WA House Passes Two Police Accountability Bills

From a media release issued by Washington State House Democrats:

OLYMPIA—The Washington House of Representatives yesterday passed two police accountability bills that are part of the package proposed by the House Democrats’ Policing Policy Leadership Team.

HB 1088, by Rep. John Lovick (D-Mill Creek), toughens state law on police officer impeachment disclosures, creates best practices and online training on that subject, and requires that law enforcement agencies must inquire about past impeachment disclosures before hiring an officer.

An impeachment disclosure is an official determination that an officer engaged in misconduct affecting his or her credibility as a witness. Prosecutors are required to provide this information and any other exculpatory evidence to the defense before a trial.

The bill passed with a bipartisan vote of 61-37.

“The truth matters. Our courts can’t function without it,” remarked Rep. Lovick. He continued, “That’s the bedrock foundation of our legal system: hard evidence, reliable testimony from witnesses, and high ethical standards for attorneys and law enforcement officers.”

HB 1089 is sponsored by Rep. Bill Ramos (D-Issaquah) and would provide meaningful transparency about investigations and charging decisions made after deadly force is used by police. These investigations are required under Initiative 940, passed by Washington voters in 2018.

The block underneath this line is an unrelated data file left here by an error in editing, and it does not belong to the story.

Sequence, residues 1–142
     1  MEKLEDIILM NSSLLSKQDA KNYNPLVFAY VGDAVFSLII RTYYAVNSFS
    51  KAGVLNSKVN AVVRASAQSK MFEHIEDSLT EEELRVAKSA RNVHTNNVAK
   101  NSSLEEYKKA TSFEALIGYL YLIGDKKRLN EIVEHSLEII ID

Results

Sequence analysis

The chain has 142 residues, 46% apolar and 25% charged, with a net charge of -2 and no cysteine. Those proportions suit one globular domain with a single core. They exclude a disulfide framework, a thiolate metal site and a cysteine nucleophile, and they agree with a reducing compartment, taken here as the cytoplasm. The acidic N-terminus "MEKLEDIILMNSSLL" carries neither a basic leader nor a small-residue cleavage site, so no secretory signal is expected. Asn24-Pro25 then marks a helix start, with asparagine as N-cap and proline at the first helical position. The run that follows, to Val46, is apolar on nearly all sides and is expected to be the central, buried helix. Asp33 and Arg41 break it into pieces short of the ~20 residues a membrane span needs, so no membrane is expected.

The legislation authorizes the State Auditor to review a deadly force investigation to determine whether the involved law enforcement agencies complied with all applicable rules and procedures. Additionally, upon request of the Criminal Justice Training Commission, the State Auditor would provide review of a law enforcement agency to ensure compliance with all applicable rules and procedures governing the training and certification of the agency’s officers.

“The overwhelming majority of Washington’s law enforcement officers are doing their jobs with integrity and honor. They are committed to protecting and serving their communities. The purpose of these audits is to provide another check on the system as we continue efforts to build trust between communities and law enforcement. It’s an opportunity for ongoing learning and improving deadly force investigation policies and procedures to make sure they are working.” said Rep. Ramos.

HB 1089 received an overwhelming 80-18 vote on final passage.

Both bills now go to the state Senate for consideration there.

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By Rob Richards

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